"We won't get fooled again!"
Oh, yes we will. Or rather, I will. And have. And will again. Though with three divorces to my (dis)credit, I hope certain restrictions apply.
That opening line, in an amazing bit of songwriting coincidence, is from the song "Won't Get Fooled Again" by the Who, who I saw perform in Reno recently. Really, half a Who: Roger Daltrey and Pete Townshend. Their inestimable bassist, John Entwistle, died in 2002, while brilliant-but-mad Keith Moon went to the Big Drum Kit in the Sky in 1978, at age 32, thanks to legendary drug and alcohol abuse.
Before we continue: Few know that back in the daze, Keith and I were remarkably similar. That's right. Except for the fact he was a fabled drummer and I had zero musical talent; he was mega-famous and I had trouble getting into my high school yearbook; he was British and I'm from Torrance (hey, somebody has to be); plus a bunch of other things, we were exactly alike! (As in, we were both drugged-out drunks.)
Then, one of us died. The other didn't. (Good thing, too, or today's article would've been harder to write, let alone submit to the editor.) In 1984, at age 27, I was wildly lucky to be able to quit booze and drugs for good. Since then? I've dedicated my years to growing up. (And, someday, no doubt, I'll get there. As long as I live to 106.)
It was impossible not to think about life stuff like that while the Who played their hearts out for more than two hours, nailing every instrumental note and most of the vocal ones. Not bad for rockers knockin' at the door of the 70s. (And I don't mean the decade.)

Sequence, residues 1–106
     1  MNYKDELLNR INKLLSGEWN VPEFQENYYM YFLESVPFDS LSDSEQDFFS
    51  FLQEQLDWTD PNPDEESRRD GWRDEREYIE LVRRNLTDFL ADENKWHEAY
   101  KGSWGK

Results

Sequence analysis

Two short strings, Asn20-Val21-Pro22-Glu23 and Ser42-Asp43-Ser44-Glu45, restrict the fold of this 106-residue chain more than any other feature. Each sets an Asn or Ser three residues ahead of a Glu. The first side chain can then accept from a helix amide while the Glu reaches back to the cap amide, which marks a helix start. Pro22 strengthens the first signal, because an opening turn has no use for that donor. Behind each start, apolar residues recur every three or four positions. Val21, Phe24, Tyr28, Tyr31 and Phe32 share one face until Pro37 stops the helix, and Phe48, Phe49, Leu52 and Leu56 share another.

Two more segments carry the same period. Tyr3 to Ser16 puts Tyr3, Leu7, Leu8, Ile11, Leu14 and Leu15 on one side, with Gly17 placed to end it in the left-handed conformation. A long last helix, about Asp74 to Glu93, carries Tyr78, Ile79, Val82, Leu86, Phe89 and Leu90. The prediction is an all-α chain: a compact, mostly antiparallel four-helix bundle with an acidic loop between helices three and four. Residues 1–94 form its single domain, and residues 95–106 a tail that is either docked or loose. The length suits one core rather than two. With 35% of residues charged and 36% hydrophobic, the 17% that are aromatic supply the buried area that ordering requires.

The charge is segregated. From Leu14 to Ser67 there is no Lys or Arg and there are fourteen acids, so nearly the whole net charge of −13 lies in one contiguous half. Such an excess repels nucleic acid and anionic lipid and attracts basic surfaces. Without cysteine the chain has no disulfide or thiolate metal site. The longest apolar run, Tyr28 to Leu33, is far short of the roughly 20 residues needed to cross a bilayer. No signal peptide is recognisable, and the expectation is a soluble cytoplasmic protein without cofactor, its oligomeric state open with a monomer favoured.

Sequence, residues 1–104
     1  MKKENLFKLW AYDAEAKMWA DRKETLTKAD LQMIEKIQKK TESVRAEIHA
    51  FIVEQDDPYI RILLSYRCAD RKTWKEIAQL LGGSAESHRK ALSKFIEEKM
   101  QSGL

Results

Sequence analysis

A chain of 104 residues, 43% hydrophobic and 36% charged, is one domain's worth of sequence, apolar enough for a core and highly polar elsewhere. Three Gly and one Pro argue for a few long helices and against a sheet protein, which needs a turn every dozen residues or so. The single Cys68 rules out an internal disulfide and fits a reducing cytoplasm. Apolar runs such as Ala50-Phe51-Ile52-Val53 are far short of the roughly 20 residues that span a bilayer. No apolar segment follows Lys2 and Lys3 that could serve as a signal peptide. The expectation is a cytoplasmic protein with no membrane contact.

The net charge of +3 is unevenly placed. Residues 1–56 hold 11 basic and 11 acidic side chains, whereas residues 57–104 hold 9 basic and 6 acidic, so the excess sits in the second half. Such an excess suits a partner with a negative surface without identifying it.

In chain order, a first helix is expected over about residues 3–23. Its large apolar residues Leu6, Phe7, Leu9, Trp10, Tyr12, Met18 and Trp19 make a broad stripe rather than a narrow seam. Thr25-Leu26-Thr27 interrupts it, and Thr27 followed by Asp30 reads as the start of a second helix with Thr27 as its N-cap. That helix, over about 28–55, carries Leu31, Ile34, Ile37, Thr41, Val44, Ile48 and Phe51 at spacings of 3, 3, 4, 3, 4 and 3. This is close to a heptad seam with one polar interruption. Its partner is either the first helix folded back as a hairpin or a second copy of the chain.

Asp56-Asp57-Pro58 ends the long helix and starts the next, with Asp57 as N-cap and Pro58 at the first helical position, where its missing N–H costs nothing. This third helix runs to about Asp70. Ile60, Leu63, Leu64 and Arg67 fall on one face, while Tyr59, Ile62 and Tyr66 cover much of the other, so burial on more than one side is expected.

It didn't hurt they had a stellar supporting cast, including Zak Starkey on drums. But talk about time warps: Was this middle-aged guy really the son of Ringo Starr? The same fresh-faced, mop-topped Ringo on those Beatles cards I used to trade math answers for back in second grade? (Uh just kidding, Mrs. Wildeman!)
But this isn't a concert review. Nor is it some old guy reminiscing about how everything was so much better in the old days. Sure, some things were better, but some weren't. On the plus side, we now have expanding gay rights, twice-world champion Giants (be still my heart), online pizza delivery ordering. (A giant leap forward for single mankind.) On the minus: endless war, the Great Recession, Snooki. (Um, just what is a Snooki, anyway?)
Plus, though this sounds corny, the show was more than a show. It was, well, an affirmation of life.
Daltrey and Townshend, toward night's end, seemed quite sincere when they smilingly thanked the near-capacity and delirious crowd for, heck, just showing up. A far cry from the first time I saw the Who (at Winterland in the '70s; and, yes, I do mean the decade) when they played a short set, then arrogantly refused an encore. I guess 40 years can mellow a guy. (You know, if he lives.)
Back in Reno, soon came "Won't Get Fooled Again," with its classic closing lines:
"Meet the new boss. Same as the old boss."
It didn't escape me how anachronistic (or worse, silly) it might be for a concert hall full of seniors to be singing a testosterone-fueled, in-your-face war horse about revolution. (Present walkers!) But it didn't matter now. We were there to have a good time, and boy, did we.
The concert's finale was genuinely touching. ("Touching" never would've been used to describe the youthful Who. "Touched," maybe, but then, Who wasn't?) Townshend played acoustic guitar while Daltrey sang, soulfully, about two friends having tea. Friends, who've navigated some very rough waters. Survivors.
Survival was an unspoken but palpable theme of the night. I wasn't the only one there who'd made it through tough stuff. We all had. No one lives to their 50s and beyond (the average age of the crowd) without incurring scars and enduring pain.
The good news: I know now nearly all of my troubles in life have been self-inflicted, a very foreign thought to me for far too long. 'Cause, boy, did I ever keep getting fooled again.
But, with rare exception, 'twas by me. Life improved by miles and miles and miles when I finally comprehended I was my own worst enemy, and always had been.
So, yeah, I'll get fooled again. But not as often. And not nearly as often will I be the one doin' the foolin'.
And that's definitely worth singing about. Who'd a-thought?
No one lives to their 50s and beyond (the average age of the crowd) without incurring scars and enduring pain.